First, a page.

PARTHO SARATHI RAY
“Think of the press as a great keyboard on which the government can play.” - Joseph Goebbels
Propaganda is one of the main weapons of the government of India’s Operation Green Hunt. The propaganda war is being waged in order to mould public opinion and turn liberal voices against the enemy, the Maoists. As part of this propaganda campaign, the government has brought out large, full colour advertisements (paid for by taxpayers’ money) in major newspapers which have portrayed the Maoists as “ruthless killers” and as destroyers of public property.
However a more insidious, and clandestine, part of the propaganda war, is to plant stories in the mainstream media in the form of “news”, which the average reader, having faith in the objectivity of the media as the main source of information, will take at face value as the truth. It is quite difficult to identify a news item as a police plant (we might just be able to guess), but a news story which appeared recently in the press, and was widely circulated, is a good illustration of what might be a story planted by intelligence agencies, with the connivance of the press.
It is a news story about the “Maoist empire”, the ways and means by which the Maoists apparently function like a corporation to raise a huge amount of money by “extortion, drugs, looting, ransom and robbery” to the tune of Rs 1500 crore. The main, and most widely circulated story appeared in the Sunday Times of India of 11th April, 2010, as a Special Report titled “The Maoist empire Rs 1500 crore and counting” datelined Bhubaneshwar/Ranchi/Kolkata and written by three named staff reporters of Times of India.
It describes in considerable detail the financial operations of the Maoists, analyses state-wise earnings from extortion, levies on businesses, poppy cultivation etc. and also delves into how this money is channeled into various states to run Maoist operations therein. Overall, it appears to provide convincing evidence that the Maoists are running a mafia under an ideological disguise. On reading, it seems to be a well researched piece of investigative journalism exclusively done for ToI by staff reporters. However everything did not seem to be so straightforward when nearly the same news story (in many places a word to word translation) was found to have been published in Bangla in the newspaper Icore Ekdin on 11th April. In Ekdin, the news was datelined New Delhi and described as “nijaswa pratibedan”, which means it was done by staff correspondents of Ekdin. On looking up on the internet, the thing became clearer.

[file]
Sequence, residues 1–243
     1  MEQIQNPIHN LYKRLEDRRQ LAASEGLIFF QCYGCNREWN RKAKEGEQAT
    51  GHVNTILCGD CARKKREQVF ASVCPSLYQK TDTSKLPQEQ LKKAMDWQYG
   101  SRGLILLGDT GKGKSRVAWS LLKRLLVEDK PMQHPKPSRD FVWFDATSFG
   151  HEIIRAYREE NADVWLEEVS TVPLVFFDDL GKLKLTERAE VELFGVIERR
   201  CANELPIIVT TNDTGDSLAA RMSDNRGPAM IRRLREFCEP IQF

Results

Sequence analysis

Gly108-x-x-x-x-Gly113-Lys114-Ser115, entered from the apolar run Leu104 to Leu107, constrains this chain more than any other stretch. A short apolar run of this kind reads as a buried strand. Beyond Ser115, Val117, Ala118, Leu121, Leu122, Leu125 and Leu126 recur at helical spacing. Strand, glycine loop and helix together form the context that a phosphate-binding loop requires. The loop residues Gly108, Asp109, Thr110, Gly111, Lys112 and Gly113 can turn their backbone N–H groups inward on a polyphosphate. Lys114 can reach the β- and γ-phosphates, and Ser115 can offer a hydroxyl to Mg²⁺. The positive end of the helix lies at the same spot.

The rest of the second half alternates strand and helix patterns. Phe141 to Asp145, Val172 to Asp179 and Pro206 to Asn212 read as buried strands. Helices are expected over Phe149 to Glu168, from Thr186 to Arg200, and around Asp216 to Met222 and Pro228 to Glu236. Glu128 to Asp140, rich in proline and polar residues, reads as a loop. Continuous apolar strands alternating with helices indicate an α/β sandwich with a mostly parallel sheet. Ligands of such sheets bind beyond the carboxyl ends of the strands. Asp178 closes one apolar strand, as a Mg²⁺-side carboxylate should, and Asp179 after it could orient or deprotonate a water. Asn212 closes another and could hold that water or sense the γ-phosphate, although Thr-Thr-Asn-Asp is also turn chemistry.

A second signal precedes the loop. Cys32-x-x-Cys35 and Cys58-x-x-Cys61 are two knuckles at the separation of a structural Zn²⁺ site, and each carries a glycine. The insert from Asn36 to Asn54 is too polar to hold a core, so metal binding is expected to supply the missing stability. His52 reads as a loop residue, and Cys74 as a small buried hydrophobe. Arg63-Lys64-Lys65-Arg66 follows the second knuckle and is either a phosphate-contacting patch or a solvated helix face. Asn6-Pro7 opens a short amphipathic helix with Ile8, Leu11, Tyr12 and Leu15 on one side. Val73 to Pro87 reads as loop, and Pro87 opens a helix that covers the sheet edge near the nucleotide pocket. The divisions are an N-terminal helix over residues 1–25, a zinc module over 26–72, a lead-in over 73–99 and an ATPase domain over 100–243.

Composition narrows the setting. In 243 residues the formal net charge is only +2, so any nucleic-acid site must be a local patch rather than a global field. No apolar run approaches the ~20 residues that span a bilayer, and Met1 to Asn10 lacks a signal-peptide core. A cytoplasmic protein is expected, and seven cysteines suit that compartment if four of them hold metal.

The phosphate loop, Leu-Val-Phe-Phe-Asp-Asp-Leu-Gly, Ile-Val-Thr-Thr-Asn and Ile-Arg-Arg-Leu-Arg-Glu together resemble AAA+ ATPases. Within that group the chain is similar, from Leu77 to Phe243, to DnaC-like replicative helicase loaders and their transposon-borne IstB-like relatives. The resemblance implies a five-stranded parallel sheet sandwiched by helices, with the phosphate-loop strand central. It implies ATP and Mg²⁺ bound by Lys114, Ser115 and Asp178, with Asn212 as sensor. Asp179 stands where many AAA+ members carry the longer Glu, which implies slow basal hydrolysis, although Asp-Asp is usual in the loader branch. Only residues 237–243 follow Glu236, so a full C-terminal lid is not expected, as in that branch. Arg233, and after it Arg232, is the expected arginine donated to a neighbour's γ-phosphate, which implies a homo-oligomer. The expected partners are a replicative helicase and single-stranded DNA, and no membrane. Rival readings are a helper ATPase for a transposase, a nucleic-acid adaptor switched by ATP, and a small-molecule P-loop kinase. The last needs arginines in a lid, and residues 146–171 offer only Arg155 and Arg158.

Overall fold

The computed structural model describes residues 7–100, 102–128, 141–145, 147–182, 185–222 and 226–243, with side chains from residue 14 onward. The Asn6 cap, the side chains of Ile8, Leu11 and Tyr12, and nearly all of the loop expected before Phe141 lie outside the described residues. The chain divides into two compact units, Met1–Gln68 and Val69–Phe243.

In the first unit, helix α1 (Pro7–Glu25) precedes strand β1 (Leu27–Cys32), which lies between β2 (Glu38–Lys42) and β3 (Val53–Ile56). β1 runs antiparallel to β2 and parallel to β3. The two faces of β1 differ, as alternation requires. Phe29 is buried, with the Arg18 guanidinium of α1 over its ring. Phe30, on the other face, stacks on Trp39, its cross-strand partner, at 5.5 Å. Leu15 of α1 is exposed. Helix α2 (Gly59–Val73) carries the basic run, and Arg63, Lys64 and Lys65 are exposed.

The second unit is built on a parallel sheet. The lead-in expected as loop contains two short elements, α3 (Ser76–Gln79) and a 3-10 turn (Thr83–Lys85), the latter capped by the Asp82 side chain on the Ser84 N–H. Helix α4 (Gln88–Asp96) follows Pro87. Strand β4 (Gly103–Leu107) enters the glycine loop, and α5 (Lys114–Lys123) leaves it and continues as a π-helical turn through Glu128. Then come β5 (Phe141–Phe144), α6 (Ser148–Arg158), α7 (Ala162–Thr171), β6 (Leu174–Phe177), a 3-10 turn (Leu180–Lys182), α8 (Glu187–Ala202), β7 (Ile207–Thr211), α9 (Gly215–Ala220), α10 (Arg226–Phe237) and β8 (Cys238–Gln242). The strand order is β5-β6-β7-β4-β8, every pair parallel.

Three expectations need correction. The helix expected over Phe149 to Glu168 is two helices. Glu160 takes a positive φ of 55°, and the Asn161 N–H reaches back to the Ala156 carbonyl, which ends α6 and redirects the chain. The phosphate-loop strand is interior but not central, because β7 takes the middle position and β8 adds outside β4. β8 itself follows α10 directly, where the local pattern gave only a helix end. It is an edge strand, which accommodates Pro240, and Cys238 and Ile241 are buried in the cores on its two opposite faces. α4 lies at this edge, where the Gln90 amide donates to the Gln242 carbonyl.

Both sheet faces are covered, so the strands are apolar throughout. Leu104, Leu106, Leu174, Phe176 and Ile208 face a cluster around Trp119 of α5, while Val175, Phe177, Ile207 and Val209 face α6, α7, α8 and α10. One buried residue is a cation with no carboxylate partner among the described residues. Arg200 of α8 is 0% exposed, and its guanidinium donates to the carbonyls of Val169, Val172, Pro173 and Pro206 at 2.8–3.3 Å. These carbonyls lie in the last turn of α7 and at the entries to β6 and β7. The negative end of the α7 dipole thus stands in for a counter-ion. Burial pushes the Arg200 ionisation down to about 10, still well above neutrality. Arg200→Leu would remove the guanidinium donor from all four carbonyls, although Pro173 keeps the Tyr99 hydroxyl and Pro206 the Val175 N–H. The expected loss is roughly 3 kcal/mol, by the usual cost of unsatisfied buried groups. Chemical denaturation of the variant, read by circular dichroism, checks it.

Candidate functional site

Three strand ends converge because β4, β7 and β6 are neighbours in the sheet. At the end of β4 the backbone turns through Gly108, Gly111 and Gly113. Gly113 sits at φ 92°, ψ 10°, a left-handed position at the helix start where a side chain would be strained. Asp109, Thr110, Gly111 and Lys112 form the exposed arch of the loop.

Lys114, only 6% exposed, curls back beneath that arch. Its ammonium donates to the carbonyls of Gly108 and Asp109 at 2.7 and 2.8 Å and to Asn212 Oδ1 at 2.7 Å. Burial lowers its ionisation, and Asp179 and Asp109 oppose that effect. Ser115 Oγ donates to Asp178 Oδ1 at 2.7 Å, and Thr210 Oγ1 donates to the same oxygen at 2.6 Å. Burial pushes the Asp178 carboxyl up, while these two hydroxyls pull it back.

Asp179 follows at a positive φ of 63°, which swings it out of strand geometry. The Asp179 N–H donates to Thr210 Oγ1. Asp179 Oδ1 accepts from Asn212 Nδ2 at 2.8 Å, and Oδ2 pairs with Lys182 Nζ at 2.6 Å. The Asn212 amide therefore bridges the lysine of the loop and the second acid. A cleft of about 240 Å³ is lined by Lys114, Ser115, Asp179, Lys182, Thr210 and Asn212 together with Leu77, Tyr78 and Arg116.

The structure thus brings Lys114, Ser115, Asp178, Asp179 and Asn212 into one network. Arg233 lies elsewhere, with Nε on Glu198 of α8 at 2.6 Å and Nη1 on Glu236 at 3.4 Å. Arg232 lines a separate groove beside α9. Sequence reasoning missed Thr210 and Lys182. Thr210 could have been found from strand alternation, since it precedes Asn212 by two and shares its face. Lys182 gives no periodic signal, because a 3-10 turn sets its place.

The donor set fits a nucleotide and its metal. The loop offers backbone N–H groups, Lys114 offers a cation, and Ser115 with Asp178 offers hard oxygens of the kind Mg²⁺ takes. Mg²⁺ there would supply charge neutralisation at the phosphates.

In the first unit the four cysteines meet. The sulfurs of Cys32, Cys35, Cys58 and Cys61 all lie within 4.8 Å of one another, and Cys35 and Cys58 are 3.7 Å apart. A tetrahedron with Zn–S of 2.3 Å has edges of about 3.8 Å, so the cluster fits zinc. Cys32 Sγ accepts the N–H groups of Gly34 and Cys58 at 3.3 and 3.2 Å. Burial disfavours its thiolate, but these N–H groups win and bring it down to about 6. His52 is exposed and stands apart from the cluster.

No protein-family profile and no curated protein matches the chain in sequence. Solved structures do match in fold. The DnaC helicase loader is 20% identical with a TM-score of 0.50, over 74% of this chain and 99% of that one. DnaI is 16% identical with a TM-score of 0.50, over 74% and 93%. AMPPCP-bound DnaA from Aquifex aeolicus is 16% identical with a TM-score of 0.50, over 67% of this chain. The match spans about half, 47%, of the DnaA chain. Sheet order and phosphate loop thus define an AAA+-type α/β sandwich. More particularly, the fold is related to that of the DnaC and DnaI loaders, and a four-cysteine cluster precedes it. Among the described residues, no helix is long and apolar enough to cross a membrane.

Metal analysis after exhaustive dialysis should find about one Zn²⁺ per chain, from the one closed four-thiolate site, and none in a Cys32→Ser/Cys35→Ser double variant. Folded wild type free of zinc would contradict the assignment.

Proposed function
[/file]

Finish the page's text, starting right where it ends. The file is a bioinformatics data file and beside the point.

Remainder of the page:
The same report had appeared on 11th April
(1) in Central Chronicle (a Madhya Pradesh-based news portal) under the category News Flash, datelined Bhubaneswar and attributed to agencies;
(2) in Asian Age as a news story by a named correspondent;
(3) and in the Mumbai Mirror as a news story datelined Kolkata and again by a named correspondent.
The game was given away by the Mumbai Mirror story which attributes the news, even in the title of the news item, to intelligence agencies.
Therefore, what we see is that the same news story, including many common phrases and sentences, appearing in at least four different newspapers on the same day, three in English and one in Bangla (and also possibly in the Hindi press), and all claiming (except the Central Chronicle which attributes it to Agencies) that it is a piece of investigative journalism written by their staff reporters.
It is not even the case that the news first appeared in the Times of India (in the most detailed form) and was later copied by other newspapers, because the news appeared in all the papers (including in print) on the same day.
A quick Internet search traces the story about the Rs 1500 crore “empire” of the Maoists to an article that appeared in the intelligence agency-run blog Naxal Terror Watch on 6th June, 2009. It is clearly a news story that was planted by the intelligence agencies (which the Mumbai Mirror divulged) with the connivance of reputed national newspapers, as a piece of propaganda to malign their adversaries, the Maoists. Such plants, appearing innocuously as news stories, and then getting widely distributed, soon become “public wisdom” and provide fodder to talk show hosts and news channel anchors and to the Internet-savvy chatterati to push their own viewpoints in different fora and mould public opinion.